As a “traditional” mother – meaning that I experienced pregnancy, gave birth, and am raising my daughter along with my husband – I heartily applaud the effort for men to understand what “motherhood” feels like.  I still remember contractions so strong they caused dry heaves and the inability to breathe.  I remember all too vividly the morning sickness, fatigue, and the discomfort of pregnant belly and kicks to the diaphragm.  The memory of perineal tears and stitches will likely never dissipate. Knowing that my body carried, nourished and gave fruition to life makes me feel like Wonder Woman.  Knowing that there are men out there that are taking the time to understand just how friggin’ strong I am as a result is pretty awesome too.

Yet, we do a disservice to so many when all we do is focus on the physical act of motherhood, or to the “traditional” motherhood model. I do not mean to suggest that all those women who physically created and birthed life do not deserve a medal. (I mean, have you actually watched a birth? Wow.)  I simply mean that there is so much more to motherhood than the pregnancy and birth, and we disrespect mothers when we fail to remember that fact.  We also disrespect all those mothers out there that are doing it in “non-traditional” ways.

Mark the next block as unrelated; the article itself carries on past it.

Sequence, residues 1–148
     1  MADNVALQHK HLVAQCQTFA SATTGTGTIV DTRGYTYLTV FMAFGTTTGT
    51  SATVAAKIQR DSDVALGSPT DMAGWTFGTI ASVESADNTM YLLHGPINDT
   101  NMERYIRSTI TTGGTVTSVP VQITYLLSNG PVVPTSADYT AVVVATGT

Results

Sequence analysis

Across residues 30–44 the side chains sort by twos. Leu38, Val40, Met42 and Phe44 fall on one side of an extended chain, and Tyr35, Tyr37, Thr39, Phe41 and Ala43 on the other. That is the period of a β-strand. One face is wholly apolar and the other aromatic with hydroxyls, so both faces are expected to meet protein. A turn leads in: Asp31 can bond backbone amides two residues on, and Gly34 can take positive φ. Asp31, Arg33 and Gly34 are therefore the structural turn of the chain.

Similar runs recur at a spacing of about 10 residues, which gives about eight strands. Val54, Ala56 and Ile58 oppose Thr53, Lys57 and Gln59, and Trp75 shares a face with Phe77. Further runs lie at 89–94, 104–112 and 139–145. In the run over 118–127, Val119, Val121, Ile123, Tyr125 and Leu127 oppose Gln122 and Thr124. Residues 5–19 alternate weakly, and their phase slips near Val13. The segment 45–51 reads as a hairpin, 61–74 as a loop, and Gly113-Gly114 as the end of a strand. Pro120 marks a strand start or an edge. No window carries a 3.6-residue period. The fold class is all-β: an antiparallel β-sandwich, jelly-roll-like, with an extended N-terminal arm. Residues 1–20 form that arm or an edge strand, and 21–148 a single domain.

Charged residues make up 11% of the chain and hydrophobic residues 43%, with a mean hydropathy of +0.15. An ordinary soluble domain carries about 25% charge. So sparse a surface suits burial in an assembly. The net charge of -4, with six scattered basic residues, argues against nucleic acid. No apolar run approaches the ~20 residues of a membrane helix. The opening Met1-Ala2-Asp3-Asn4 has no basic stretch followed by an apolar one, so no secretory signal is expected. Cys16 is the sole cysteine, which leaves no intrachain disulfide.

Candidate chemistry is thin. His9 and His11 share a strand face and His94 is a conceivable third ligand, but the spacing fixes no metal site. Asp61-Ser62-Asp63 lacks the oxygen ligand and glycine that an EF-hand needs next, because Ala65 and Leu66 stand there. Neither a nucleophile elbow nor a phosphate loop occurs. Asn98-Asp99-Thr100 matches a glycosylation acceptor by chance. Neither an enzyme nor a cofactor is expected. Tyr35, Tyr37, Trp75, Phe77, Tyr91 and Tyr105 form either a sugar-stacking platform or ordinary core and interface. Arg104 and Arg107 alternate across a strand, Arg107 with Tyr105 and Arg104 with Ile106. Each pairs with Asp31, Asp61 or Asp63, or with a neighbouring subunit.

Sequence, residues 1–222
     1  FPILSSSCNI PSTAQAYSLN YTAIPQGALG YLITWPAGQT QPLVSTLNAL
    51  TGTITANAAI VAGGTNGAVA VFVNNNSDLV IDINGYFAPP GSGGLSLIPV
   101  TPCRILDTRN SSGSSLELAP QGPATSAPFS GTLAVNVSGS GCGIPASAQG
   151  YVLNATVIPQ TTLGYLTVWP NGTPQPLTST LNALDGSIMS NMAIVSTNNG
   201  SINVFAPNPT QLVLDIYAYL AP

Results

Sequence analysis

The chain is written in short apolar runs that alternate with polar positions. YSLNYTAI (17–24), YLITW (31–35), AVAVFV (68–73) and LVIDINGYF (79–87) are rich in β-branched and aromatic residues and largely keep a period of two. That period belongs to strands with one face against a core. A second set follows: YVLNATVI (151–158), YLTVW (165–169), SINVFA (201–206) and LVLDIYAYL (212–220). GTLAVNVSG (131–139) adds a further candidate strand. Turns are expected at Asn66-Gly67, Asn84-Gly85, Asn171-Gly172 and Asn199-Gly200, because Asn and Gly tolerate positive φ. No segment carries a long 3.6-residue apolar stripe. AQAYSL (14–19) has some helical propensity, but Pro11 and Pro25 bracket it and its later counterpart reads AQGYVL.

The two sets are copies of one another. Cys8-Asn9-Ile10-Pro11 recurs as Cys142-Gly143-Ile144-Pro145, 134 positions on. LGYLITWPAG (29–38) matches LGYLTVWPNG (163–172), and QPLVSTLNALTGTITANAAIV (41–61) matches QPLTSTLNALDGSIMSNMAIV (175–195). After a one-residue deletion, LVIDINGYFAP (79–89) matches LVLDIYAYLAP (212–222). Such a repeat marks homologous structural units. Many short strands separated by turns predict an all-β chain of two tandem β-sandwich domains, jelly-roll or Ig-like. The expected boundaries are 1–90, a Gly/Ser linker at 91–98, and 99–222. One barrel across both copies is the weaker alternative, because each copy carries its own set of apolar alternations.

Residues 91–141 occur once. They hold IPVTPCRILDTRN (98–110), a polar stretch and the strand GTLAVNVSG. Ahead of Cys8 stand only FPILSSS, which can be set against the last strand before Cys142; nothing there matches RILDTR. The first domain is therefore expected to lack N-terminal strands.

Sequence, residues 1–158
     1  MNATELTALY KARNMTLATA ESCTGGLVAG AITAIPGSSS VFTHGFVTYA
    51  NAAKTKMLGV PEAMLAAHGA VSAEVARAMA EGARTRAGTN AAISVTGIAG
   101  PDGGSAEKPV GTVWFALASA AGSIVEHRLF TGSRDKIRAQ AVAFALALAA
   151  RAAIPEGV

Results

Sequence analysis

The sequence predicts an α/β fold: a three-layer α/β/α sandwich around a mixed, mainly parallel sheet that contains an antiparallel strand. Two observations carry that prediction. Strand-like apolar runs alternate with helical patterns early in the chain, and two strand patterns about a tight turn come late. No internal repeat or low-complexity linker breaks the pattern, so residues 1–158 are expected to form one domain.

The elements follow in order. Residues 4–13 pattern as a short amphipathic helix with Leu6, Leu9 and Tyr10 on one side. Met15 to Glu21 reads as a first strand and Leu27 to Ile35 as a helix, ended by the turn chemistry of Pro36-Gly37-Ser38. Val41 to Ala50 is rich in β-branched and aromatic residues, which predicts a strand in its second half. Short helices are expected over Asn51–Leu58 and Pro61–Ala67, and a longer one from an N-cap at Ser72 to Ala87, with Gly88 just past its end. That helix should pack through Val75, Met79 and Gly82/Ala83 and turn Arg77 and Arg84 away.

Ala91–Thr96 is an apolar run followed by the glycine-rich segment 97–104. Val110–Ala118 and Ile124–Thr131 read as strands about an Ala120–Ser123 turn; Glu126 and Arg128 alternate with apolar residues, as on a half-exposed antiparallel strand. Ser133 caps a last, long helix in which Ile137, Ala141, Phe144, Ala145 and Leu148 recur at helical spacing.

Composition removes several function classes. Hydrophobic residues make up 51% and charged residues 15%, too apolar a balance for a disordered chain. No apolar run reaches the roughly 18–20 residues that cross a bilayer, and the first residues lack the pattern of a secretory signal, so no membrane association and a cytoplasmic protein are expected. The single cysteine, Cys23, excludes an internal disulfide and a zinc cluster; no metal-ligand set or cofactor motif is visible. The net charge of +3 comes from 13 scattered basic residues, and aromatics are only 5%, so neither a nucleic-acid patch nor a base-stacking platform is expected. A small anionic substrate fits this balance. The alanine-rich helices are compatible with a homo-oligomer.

I believe the reason we honor the mothers that have carried and given birth to a child so heartily, is because that physical act is an easy way to exemplify the essence of motherhood.  To watch a woman’s body completely change, (physically, emotionally, hormonally, and physiologically) in order to house, and nourish a child – only to culminate in perhaps one of the most painful and selfless acts physically possible in order to give that child life, is the very epitome of what motherhood is, at its core.  The deep connection between mother and child during gestation and immediately after birth is unrivaled.  I suggest that this kind of selfless love is what makes a person a mother – not her ability to conceive or give birth.